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Rome’s police are on the hunt for unknown anti-pope plotters

Italian police were on Monday on the hunt for the authors of anti-pope posters which have been slapped around Rome, amid suspicions the campaign may be linked to an arch-conservative wing of the Catholic Church.

Rome's police are on the hunt for unknown anti-pope plotters
A woman walks past one of the offending posters. Photo: Filippo Monteforte/AFP

Dozens of the illegal fliers appeared mysteriously around the Italian capital Saturday picturing a stern-looking Pope Francis, a list of accusations against him, and the words “Where's your mercy?” – turning the pontiff's call for a more merciful church back on him.

Police were trawling through security camera footage to track down the culprits as Rome city council said it had pulled down 200 posters while those remaining had been covered up.

No group took credit for the stunt, but Vatican watchers said the fact the main complaint referred to the “decapitation” of the Knights of Malta made it likely they came from conservative quarters.

The posters appeared on the same day that Francis appointed his own special delegate to the ancient aristocratic order, after stepping in to stop the firing of its Grand Chancellor, in a move that left traditionalists spitting.

The move publicly sidelined prominent US conservative Cardinal Raymond Burke, who has been outspoken in his disapproval of Francis' efforts to reform Church teaching on questions related to the family, marriage and divorce.

“Ah Francis, you've taken over congregations, removed priests, decapitated the Order of Malta and the Franciscans of the Immaculate, ignored Cardinals… but where's your mercy?” it reads.

'Germs of selfishness'

The reference to the pope ignoring cardinals is believed to relate to four cardinals, including Burke, who sent a letter to Francis at the end of last year in which they challenged the head of the Roman Catholic Church over his teachings on the family.

Burke publicly warned Francis in November it may be necessary to make a highly rare “formal act of correction” if the Argentine did not answer the letter – a bold and almost unheard of challenge to his authority.

The mention of the removal of priests likely refers to allegations that the pope ordered the sacking of prelates from a Vatican department. In terms of the Franciscans, the pope intervened in the religious order early on to restrict the use of Latin mass, Cruxnow.com said.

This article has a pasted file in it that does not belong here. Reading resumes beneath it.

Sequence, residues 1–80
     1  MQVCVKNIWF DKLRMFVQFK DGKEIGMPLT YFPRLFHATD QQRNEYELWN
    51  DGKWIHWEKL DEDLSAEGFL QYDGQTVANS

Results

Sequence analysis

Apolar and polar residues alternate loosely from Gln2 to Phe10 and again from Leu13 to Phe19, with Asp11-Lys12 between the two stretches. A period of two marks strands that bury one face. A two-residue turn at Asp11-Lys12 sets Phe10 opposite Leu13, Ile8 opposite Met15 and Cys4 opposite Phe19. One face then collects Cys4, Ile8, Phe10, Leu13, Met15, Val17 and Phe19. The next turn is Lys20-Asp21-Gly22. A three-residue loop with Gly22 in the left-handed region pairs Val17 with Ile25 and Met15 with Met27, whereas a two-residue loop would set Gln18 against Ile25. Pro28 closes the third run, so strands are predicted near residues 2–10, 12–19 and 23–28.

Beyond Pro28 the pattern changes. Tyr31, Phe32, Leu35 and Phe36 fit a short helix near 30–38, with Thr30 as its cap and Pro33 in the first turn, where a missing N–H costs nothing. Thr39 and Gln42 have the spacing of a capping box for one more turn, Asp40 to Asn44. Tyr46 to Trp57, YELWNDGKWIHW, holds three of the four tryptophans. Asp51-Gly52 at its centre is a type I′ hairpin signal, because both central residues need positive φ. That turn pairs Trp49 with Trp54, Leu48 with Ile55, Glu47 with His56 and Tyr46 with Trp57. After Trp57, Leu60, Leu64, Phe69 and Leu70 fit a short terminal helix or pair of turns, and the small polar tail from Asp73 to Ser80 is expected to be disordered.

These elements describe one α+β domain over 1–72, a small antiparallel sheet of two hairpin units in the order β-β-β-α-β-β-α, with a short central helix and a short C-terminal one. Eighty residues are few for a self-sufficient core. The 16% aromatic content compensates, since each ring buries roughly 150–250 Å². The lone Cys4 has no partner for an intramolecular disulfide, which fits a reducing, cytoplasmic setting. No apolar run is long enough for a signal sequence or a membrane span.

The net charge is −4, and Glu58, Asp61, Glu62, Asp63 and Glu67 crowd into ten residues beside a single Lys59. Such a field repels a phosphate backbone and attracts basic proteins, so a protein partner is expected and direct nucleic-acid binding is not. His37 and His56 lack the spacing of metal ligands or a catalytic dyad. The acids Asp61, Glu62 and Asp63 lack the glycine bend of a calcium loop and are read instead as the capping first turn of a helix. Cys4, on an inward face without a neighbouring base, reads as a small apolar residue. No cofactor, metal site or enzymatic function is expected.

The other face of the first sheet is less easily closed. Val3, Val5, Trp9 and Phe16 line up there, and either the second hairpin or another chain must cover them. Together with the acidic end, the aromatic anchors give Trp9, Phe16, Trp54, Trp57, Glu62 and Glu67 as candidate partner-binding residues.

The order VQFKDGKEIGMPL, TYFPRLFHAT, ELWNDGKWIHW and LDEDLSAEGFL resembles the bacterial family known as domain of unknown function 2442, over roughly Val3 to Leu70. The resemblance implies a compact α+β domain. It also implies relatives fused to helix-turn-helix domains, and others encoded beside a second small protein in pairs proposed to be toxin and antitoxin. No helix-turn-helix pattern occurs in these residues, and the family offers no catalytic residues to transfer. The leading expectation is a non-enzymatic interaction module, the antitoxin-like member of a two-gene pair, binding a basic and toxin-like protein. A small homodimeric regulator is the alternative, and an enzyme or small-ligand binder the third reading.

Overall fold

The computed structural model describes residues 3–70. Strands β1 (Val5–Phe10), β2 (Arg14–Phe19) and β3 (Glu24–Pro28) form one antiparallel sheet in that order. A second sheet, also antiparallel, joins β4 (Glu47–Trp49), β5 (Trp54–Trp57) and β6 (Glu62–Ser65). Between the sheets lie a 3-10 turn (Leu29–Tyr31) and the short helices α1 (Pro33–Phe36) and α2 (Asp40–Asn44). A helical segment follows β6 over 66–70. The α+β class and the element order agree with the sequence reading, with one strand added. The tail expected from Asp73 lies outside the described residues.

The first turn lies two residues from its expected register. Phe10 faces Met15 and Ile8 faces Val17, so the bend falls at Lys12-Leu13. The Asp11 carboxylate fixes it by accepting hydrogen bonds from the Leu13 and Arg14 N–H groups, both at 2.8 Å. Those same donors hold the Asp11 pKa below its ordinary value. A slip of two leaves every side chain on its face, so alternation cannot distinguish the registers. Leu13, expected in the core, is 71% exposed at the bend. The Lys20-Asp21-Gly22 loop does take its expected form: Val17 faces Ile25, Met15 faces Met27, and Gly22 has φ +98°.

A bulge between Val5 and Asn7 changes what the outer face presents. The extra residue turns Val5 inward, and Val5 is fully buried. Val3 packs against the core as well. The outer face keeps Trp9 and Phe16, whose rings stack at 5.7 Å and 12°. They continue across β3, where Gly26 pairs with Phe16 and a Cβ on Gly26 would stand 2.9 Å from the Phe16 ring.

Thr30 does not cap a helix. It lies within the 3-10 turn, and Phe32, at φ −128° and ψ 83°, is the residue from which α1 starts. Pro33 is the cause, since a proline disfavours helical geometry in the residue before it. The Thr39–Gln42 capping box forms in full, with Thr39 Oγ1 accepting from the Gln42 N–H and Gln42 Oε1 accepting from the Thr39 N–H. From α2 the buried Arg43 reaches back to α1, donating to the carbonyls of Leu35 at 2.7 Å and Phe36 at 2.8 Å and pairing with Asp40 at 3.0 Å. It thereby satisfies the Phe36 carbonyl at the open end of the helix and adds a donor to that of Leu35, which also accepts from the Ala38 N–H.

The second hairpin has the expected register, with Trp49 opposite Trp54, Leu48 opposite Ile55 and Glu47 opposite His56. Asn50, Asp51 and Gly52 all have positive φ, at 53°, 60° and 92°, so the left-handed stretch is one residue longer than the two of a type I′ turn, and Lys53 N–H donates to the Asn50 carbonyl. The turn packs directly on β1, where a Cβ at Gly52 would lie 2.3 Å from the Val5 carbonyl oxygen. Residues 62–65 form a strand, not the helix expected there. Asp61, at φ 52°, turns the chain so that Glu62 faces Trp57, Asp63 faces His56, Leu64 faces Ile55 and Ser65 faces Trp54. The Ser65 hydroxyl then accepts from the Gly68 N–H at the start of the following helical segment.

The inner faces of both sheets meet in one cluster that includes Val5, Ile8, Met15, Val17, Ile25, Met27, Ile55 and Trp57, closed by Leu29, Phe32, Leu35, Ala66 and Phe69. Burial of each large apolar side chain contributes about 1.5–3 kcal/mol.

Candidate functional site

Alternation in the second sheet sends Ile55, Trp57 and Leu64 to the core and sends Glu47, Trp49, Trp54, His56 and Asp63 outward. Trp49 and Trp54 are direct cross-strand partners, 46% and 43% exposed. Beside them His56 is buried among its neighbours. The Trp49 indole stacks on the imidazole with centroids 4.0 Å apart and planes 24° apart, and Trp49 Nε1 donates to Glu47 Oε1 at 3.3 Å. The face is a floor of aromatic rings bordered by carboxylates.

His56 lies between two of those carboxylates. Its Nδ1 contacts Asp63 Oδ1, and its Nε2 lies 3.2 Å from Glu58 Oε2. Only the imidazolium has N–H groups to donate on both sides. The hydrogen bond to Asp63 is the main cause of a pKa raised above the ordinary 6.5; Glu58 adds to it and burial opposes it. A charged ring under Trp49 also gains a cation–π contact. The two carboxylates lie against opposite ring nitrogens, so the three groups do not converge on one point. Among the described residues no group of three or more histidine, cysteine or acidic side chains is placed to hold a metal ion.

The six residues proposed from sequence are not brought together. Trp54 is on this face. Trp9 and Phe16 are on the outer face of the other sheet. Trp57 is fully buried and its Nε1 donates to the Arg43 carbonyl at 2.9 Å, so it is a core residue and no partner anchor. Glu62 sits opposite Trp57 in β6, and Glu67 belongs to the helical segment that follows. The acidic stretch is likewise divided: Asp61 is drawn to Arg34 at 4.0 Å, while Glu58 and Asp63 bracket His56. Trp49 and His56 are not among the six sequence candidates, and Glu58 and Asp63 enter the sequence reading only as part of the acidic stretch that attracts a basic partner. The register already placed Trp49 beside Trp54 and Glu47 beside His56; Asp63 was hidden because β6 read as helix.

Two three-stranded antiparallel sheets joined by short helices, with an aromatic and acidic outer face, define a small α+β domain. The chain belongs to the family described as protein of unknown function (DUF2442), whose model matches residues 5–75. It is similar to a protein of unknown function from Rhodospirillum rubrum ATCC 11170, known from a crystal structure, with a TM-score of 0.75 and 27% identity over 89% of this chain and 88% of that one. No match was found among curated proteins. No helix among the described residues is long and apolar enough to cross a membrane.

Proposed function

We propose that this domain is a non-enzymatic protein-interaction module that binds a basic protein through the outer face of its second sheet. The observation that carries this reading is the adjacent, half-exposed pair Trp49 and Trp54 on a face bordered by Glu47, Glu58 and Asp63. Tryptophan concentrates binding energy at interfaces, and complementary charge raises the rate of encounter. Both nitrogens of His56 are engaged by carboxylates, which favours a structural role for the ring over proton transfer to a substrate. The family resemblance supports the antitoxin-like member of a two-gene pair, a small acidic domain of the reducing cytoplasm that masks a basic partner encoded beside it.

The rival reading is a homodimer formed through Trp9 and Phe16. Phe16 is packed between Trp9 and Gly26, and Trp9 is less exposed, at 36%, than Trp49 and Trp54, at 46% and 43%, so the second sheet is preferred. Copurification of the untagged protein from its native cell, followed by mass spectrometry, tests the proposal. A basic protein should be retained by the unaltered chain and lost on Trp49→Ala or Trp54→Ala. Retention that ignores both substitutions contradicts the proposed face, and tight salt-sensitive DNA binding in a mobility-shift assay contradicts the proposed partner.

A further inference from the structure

The 80-year old pontiff, who was elected in 2013, has proved a divisive figure, hailed by some for his “progressive” attitude – refusing to judge those guilty of church sins, such as single mothers and gay people – but criticized by others for being too “liberal”.

The climate in the tiny Vatican city state has become increasingly acrimonious and watchers warn of a possible show-down with the conservatives. Francis said at the end of last year that he was “not losing any sleep” over the in-fighting.

On Sunday he made no reference to the posters but called on the faithful to stay away from “polluting germs of selfishness, envy, slander”.

The poster was written in local dialect. The Italian capital has a long tradition of anonymous political expression; protest graffiti was used in ancient Rome and, from the 16th century onwards, criticisms in the form of poems or witticisms were strung up on well-known statues in the city.

By Ella Ide

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CRIME

 Italian police arrest mafia member after three women killed in Rome

Italian police on Saturday arrested a mafia member suspected of killing two alleged Chinese prostitutes and a Colombian sex worker in Rome, local media reported.

 Italian police arrest mafia member after three women killed in Rome

The bodies of the two Chinese women were discovered in a residential building in the upmarket Prati district on Thursday morning, while the body of the South American was found in an apartment in the same neighbourhood an hour later.

All three victims were stabbed, according to Italian media reports.

According to the Corriere della Sera newspaper, footage from surveillance cameras allowed police to identify 51-year-old Giandavide De Pau, who had been prosecuted in the past for drug trafficking and sexual assault.

The suspect is reportedly a member of a mafia clan headed by Michele Senese, who is currently serving a life sentence. De Pau is believed to have been one of Senese’s closest collaborators, acting as his personal driver and handyman.

In 2008 and 2011, the suspect had also spent time in a psychiatric hospital.

It is unknown whether the suspected killer was carrying out a mafia hit or acting alone, possibly under the influence of drugs, which were found at the home of some family members where he is believed to have sought refuge after the police manhunt got underway, Corriere della Sera reported.

Several newspapers had warned of a possible “serial killer” in the Italian capital.

The body of one of the Chinese victims was spotted by a neighbour where it lay, naked on a landing. The woman, believed to be in her 40s, had suffered head and stomach injuries, the newspaper said.

When police entered her apartment, they found the body of the second Chinese woman.

Nobody in the building appeared to have heard the murders take place, according to residents.

“Everybody knew there was a house of ill repute here, I’d see people arriving at 2:00 am, 3:00 am,” a woman who lived in the building told reporters.

The body of the Colombian, who was 65, was found by a friend, Corriere della Sera said.

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